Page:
Agencies

[Federal Register Volume 80, Number 10 (Thursday, January 15, 2015)]
[Rules and Regulations]
[Pages 2001-2002]
From the Federal Register Online via the Government Printing Office [www.gpo.gov]
[FR Doc No: 2015-00553]


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DEPARTMENT OF TRANSPORTATION

Federal Aviation Administration

14 CFR Parts 61 and 141

[Docket No. FAA-2014-0987; Amdt. Nos. 61-133, 141-18]
RIN 2120-AK62


Aviation Training Device Credit for Pilot Certification; 
Withdrawal

AGENCY: Federal Aviation Administration (FAA), DOT.

ACTION: Direct final rule; withdrawal.

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SUMMARY: The FAA is withdrawing a direct final rule regarding aviation 
training devices published December 3, 2014. That rule would have 
relieved burdens on pilots seeking to obtain aeronautical experience 
for an instrument rating by increasing the allowed use of aviation 
training devices. The FAA received adverse comments to the direct final 
rule and, thus, is withdrawing the direct final rule.

DATES: The direct final rule published on December 3, 2014 at 79 FR 
71634 is withdrawn, effective January 15, 2015.

FOR FURTHER INFORMATION CONTACT: For technical questions concerning 
this action, contact Marcel Bernard, Airmen Certification and Training 
Branch, Flight Standards Service, AFS-810, Federal Aviation 
Administration, 55 M Street SE., 8th floor, Washington, DC 20003-3522; 
telephone (202) 385-9616; email marcel.bernard@faa.gov.
    For legal questions concerning this action, contact Anne Moore, 
International Law, Legislation, and Regulations Division, Office of the 
Chief Counsel, AGC-200, Federal Aviation Administration, 800 
Independence Avenue SW., Washington, DC 20591; telephone (202) 267-
8018; email anne.moore@faa.gov.

SUPPLEMENTARY INFORMATION:

Background

    On December 3, 2014, the FAA published a direct final rule 
regarding use of aviation training devices (ATDs). The direct final 
rule would have increased the maximum time that may be credited in an 
ATD toward the instrument time requirements for an instrument rating 
under Sec.  61.65(i). The direct final rule would have permitted a 
person to credit a maximum of 20 hours of instrument time in an 
approved ATD toward the requirements for an instrument rating under 
that section.
    The direct final rule would have also amended appendix C to part 
141 to increase the limit on the amount of training hours that may be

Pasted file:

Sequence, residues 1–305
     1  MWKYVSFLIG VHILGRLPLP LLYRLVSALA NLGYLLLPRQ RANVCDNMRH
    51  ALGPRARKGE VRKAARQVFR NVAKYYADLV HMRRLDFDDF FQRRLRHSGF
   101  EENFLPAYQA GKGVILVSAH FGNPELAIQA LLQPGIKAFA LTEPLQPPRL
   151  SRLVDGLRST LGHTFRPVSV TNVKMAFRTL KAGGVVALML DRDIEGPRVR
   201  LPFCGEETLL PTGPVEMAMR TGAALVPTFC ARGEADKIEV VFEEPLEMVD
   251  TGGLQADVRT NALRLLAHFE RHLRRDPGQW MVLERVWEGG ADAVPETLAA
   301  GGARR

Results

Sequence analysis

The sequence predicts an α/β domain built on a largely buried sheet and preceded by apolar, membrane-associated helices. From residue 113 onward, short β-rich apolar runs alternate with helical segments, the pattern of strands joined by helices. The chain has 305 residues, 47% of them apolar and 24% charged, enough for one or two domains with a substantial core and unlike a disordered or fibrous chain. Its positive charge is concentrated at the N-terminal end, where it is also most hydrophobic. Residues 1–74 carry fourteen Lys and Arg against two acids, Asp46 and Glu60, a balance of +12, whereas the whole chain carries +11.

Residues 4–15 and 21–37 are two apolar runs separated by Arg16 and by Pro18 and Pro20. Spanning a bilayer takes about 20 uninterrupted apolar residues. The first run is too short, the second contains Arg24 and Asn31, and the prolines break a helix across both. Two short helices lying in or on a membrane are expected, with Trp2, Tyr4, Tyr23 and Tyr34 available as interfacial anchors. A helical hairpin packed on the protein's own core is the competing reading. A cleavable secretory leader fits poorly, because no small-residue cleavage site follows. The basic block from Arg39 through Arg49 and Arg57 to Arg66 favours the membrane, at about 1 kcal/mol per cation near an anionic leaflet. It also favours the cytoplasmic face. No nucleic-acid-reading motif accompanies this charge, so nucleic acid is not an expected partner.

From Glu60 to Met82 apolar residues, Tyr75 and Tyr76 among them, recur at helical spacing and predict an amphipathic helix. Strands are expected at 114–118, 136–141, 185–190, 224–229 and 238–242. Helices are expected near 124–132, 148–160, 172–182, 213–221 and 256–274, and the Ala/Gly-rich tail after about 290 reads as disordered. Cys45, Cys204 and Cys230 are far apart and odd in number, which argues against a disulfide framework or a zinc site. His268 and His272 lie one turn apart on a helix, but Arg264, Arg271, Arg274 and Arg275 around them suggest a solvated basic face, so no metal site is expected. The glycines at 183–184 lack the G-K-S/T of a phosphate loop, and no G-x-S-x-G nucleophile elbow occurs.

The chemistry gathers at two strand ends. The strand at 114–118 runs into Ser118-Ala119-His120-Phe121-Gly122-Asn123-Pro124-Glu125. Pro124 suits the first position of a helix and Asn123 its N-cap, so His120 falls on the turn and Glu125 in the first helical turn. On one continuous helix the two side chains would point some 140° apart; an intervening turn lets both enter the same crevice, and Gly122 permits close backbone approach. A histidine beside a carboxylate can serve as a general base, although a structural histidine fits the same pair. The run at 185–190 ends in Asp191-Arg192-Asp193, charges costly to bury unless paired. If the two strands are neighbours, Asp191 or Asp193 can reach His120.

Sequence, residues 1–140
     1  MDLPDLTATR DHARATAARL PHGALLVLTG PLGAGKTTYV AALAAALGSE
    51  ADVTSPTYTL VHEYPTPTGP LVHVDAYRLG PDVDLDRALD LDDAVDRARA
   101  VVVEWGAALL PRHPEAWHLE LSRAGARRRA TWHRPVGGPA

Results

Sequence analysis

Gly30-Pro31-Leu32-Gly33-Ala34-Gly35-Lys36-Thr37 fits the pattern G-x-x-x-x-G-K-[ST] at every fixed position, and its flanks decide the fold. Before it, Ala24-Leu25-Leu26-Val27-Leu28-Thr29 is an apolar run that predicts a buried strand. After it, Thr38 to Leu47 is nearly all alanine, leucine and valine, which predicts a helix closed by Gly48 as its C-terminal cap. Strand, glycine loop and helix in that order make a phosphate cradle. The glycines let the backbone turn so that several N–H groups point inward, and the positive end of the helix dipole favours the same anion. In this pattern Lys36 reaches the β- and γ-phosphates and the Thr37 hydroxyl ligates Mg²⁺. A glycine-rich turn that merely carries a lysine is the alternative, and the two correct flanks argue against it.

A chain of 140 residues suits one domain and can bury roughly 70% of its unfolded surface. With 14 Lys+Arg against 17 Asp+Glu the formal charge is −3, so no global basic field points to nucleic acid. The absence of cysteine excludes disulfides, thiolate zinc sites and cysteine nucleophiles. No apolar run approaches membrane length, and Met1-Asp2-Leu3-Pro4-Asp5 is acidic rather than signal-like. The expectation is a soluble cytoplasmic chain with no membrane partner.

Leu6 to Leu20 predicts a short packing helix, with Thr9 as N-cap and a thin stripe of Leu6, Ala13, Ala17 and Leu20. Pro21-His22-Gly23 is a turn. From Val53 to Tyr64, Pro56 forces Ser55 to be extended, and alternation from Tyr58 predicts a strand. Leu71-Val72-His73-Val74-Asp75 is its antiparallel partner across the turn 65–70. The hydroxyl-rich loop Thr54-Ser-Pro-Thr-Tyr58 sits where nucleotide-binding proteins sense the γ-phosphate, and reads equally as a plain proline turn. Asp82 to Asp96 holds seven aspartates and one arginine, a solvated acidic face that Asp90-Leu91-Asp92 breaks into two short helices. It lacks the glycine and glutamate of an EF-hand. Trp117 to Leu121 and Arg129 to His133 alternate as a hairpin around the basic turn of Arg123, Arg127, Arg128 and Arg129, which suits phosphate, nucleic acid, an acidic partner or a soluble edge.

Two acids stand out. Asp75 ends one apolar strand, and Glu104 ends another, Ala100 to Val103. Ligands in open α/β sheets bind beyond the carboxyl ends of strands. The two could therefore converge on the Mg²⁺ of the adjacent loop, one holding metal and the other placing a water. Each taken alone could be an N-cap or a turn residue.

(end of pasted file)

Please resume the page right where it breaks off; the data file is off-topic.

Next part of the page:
accomplished in an ATD in an approved course for an instrument rating. 
With this direct final rule, an ATD would have been permitted to be 
used for no more than 40 percent of the total flight training hour 
requirements for an instrument rating.
    Finally, the direct final rule would have revised Sec.  61.65(i)(4) 
to eliminate the requirement that pilots accomplishing instrument time 
in an ATD wear a view-limiting device.

Withdrawal of Direct Final Rule

    The FAA is withdrawing the direct final rule because the agency 
received adverse comments to the rule. The agency is obligated by Sec.  
11.13 to withdraw a direct final rule if the agency receives any 
adverse comments. One commenter raised concerns regarding the 
effectiveness of ATDs for training, suggesting that these devices do 
not provide appropriate sensory cues or provide a realistic 
environment. Another commenter believed that the increases in time/
percentage of training contained in the direct final rule were too 
great.
    As a result of this withdrawal, the current regulations remain in 
effect, which provides that no applicant for an instrument rating under 
part 61 may credit more than 10 hours of instrument time in an ATD 
toward the minimum aeronautical experience requirements

[[Page 2002]]

required to take the practical test for an instrument rating. In 
addition, no graduate of a training program approved under appendix C 
to part 141 may credit more than 10% of the required coursework in ATDs 
(unless that program has been approved in accordance with Sec.  
141.55(d) or (e)).
    The FAA notes that the regulations do not place a limit on the 
amount of time that a person may train in an ATD. Rather, the 
regulations place a limit on the amount of time in an ATD that may be 
credited toward the minimum aeronautical experience requirements for an 
instrument rating. Operators may continue to use these devices to 
improve pilot proficiency and potentially reduce the overall time 
required in an aircraft. In addition, those devices that were issued an 
LOA that terminated on January 1, 2015, may continue to use the device 
for pilot proficiency and training. However, any time logged in such a 
device could not be used to meet any aeronautical experience 
requirements of part 61, or any of the flight training coursework 
requirements of part 141.

Conclusion

    Withdrawal of Amendment Nos. 61-133 and 141-18 does not preclude 
the FAA from issuing rulemaking on the subject in the future; nor does 
it commit the agency to any future course of action. The agency will 
make any future necessary changes to the Code of Federal Regulations 
through a notice of proposed rulemaking with opportunity for public 
comment.
    Therefore, the FAA withdraws Amendment Nos. 61-133 and 141-18 
published at 79 FR 71634, December 3, 2014.

    Issued under authority provided by 49 U.S.C. 106(f), 
44701(a)(5), and 44703 in Washington, DC, on January 9, 2015.
Michael P. Huerta,
Administrator.
[FR Doc. 2015-00553 Filed 1-14-15; 8:45 am]
BILLING CODE 4910-13-P